Colorado District Court Blocks Contraception Mandate for Secular, For-Profit Nursing Home Business

For-profit secular corporations seeking to avoid compliance with federal health-care regulations got another win in court, this time in Colorado, as a federal district court granted a preliminary injunction blocking enforcement of the Affordable Care Act’s contraception benefit with respect to four contraceptive methods.

The plaintiffs—Continuum Health Partnerships; Continuum Health Management, LLC; Mountain States Health Properties, LLC; and the evangelical Christian owner of the related companies, Stephen W. Briscoe—manage and operate senior-care assisted living centers and skilled nursing facilities. The plaintiffs offer a self-insurance plan to their over 200 employees and claim to have religious objections to contraceptive methods they believe operate as abortifacients. Specifically, they object to coverage for four FDA-approved contraceptive methods: “(1) Ella; (2) Plan B, Plan B One-Step, and Next Choice (Levonorgestrel); (3) the Copper IUD; and, (4) the IUD with Progestin.”

Last February, the district court refused to grant a temporary restraining order in the case, concluding the plaintiffs had not shown a substantial likelihood of success on the merits of their claims. However, subsequent to the court’s earlier ruling denying an injunction to the plaintiffs, the Tenth Circuit Court of Appeals, “en banc” (the entire court), decided the Hobby Lobby case, holding that corporations have free exercise rights and that the contraceptive coverage mandate substantially burdened those rights without a compelling governmental interest. Relying on this holding, the district court here granted the renewed motion for an injunction.

Opponents to the contraception benefit filed over 70 federal lawsuits challenging the rule. To date, over 40 of those legal challenges have been brought by secular, for-profit businesses, including three new cases filed in the district court for the District of Columbia. The D.C. Court of Appeals is widely believed to be the second most powerful court in the country, behind the U.S. Supreme Court, and often hears cases that wind up before the high court.

The chances of the Supreme Court taking up the issue of whether or not secular, for-profit businesses have religious rights is all but given. Currently, there’s a split in the circuit courts between the Third Circuit and the Tenth Circuit “en banc” decision in Hobby Lobby v. Sebelius. The courts differ on the question of whether a for-profit company can exercise religious beliefs with the Third Circuit holding that such companies cannot, while the Tenth Circuit in Hobby Lobby said they can.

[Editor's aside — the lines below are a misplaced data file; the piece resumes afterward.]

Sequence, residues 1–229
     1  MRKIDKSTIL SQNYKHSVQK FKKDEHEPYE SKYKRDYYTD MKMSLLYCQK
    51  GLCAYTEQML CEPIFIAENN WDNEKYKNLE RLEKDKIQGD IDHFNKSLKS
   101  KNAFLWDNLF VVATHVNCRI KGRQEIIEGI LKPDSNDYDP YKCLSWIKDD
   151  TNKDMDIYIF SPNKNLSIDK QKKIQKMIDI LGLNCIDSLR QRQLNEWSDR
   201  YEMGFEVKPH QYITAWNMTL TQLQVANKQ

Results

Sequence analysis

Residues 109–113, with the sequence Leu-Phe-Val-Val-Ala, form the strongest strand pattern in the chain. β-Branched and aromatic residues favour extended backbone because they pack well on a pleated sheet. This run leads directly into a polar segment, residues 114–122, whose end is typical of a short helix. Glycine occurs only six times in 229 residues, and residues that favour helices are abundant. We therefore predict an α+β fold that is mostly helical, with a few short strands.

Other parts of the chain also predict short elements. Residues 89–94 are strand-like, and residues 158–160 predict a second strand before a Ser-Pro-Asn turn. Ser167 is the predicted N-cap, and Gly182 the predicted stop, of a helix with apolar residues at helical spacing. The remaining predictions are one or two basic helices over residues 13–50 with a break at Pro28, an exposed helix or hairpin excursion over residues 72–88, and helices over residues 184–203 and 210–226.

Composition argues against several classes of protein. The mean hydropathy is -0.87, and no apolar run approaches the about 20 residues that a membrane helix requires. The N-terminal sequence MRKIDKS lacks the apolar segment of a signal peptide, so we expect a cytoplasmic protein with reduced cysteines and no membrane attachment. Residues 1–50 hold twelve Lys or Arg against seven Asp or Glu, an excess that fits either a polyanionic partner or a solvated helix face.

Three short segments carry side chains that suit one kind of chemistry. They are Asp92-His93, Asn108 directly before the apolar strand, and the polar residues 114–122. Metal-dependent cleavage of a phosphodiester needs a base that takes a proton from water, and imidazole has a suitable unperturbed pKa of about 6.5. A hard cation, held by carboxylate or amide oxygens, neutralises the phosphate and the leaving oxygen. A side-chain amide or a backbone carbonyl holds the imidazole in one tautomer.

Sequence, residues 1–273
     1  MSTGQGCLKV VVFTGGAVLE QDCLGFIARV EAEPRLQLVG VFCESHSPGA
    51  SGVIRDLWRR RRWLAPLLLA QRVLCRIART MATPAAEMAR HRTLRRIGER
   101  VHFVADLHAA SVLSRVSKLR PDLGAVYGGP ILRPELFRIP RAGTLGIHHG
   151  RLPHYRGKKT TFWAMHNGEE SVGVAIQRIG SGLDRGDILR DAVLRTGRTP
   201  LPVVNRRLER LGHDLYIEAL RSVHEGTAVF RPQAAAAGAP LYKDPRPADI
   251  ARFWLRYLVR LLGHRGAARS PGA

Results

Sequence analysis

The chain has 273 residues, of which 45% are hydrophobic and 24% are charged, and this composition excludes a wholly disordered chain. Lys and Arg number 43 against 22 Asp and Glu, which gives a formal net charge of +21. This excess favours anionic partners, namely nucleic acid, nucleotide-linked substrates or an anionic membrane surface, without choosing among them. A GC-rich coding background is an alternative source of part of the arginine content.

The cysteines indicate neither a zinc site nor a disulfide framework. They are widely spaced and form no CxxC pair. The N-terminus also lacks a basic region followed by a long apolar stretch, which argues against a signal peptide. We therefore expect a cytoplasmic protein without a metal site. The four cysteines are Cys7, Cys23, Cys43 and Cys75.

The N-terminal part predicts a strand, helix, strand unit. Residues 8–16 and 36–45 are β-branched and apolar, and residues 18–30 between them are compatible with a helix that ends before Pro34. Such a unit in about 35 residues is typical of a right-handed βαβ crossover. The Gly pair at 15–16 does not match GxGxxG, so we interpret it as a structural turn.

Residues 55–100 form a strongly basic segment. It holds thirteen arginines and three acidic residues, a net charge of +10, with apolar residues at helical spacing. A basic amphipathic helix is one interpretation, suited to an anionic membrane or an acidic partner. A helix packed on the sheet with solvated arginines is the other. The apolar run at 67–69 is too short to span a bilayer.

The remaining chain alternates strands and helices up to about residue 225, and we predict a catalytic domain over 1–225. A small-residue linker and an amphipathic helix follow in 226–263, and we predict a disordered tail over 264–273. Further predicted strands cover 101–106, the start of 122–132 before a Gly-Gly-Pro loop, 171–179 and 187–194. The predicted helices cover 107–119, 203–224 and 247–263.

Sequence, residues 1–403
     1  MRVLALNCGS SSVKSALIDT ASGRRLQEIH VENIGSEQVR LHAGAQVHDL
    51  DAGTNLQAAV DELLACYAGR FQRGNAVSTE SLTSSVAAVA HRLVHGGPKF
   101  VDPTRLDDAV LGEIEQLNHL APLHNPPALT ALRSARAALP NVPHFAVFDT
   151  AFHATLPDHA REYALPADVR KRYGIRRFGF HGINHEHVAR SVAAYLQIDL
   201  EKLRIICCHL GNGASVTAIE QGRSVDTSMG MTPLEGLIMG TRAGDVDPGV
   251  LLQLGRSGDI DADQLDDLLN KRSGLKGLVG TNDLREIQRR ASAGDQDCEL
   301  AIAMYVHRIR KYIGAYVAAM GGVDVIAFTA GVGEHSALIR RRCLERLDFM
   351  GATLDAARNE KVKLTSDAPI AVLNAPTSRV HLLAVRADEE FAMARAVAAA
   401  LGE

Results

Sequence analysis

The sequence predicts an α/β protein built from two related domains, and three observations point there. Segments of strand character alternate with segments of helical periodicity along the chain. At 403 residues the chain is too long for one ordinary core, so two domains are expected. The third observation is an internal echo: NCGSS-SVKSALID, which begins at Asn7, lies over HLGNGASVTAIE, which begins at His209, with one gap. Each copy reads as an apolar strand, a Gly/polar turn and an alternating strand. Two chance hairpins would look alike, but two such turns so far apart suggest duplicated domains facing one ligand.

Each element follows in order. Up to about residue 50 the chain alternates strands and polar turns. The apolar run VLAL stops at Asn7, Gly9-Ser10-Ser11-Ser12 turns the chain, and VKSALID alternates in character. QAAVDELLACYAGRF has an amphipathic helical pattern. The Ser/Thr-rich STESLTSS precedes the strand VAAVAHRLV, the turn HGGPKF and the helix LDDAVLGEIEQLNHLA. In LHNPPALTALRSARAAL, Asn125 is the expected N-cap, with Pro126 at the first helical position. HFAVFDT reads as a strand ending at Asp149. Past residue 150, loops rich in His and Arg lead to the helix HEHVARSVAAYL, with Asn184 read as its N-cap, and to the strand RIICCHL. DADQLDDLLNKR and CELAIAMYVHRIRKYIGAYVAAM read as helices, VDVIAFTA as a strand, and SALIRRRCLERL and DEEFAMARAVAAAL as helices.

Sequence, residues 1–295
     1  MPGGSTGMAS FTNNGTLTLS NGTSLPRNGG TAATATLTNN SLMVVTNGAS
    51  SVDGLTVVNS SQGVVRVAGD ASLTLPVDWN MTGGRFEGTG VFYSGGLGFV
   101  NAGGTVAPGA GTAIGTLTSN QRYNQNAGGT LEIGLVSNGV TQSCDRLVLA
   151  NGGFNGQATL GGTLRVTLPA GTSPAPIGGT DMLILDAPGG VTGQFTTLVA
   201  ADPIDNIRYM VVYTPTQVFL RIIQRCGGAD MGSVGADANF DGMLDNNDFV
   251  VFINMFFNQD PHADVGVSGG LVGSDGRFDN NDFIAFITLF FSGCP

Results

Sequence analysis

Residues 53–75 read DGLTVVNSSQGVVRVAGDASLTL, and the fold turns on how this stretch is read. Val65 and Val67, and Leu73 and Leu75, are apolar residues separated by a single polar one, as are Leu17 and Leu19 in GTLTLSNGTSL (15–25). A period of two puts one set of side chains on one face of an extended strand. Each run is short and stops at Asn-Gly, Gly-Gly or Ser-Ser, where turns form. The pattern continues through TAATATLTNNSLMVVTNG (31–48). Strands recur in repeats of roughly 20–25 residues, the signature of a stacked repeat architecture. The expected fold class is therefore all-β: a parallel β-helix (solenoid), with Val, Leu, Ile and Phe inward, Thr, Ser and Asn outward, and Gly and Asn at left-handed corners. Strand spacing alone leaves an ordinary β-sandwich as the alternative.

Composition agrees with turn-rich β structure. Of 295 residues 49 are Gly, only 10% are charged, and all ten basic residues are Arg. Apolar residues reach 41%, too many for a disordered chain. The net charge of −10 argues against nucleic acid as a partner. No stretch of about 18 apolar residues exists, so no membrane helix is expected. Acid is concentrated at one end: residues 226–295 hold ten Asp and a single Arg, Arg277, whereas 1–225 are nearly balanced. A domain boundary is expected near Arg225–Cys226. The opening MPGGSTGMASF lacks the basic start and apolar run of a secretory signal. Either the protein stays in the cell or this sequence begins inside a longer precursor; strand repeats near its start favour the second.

The federal government must decide by September 25 whether to seek an appeal in Hobby Lobby. The lawyers for Conestoga Wood Specialities Corporation, the party to the conflicting decision from the Third Circuit, said they intend to seek an appeal in the Supreme Court and have until November 12 to do so. If both cases are appealed, the Supreme Court will decide which case, if any, to take. The Supreme Court could also decide to take both cases.

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  • fiona64

    I wonder when one of these companies is going to object on religious grounds to policies covering Viagra and Cialis …

    • HeilMary1

      The male plaintiffs need ED drugs to perform holy adultery and sex tourism in the Philippines! And these hypocrites are also committing unlicensed kitchen abortions when they serve abortifacient coffee to female employees!

      • xuinkrbin

        Easy, now. We All want to see increased contraception access. We don’t need to go around making such defamatory accusations without proof.

    • xuinkrbin

      Except Viagra and Cialis are not the Male version of contraception; You are thinking of condoms, which no health insurance plan covers to My knowledge. So, the comparison is false. Likewise, since Viagra and Cialis are treatments for age related hormone issues, the Female variant would be hormone replacement therapy, which is covered by many, if not most, prescription plans, making the comparison false in two respects.

      • fiona64

        No, I am not thinking of condoms … I was thinking of exactly what I cited.

        Viagra and Cialis are *not* “treatments for age related hormone issues.” They are cardiac medications for which the off-label use of causing erections was discovered.

        So, actually, in your effort to try to make me look too stupid to know the difference between a condom and medication that is sold to men solely for the purpose of giving them a woody, you’ve actually managed to make yourself look pretty uninformed.


  • xuinkrbin

    Actually, if the Objectors succeed all the way to that point, I think it would give Us a great excuse to say, “Okay, We have to implement a buy-in for Medicare,” in transition to a single-Payer system. Works for Me.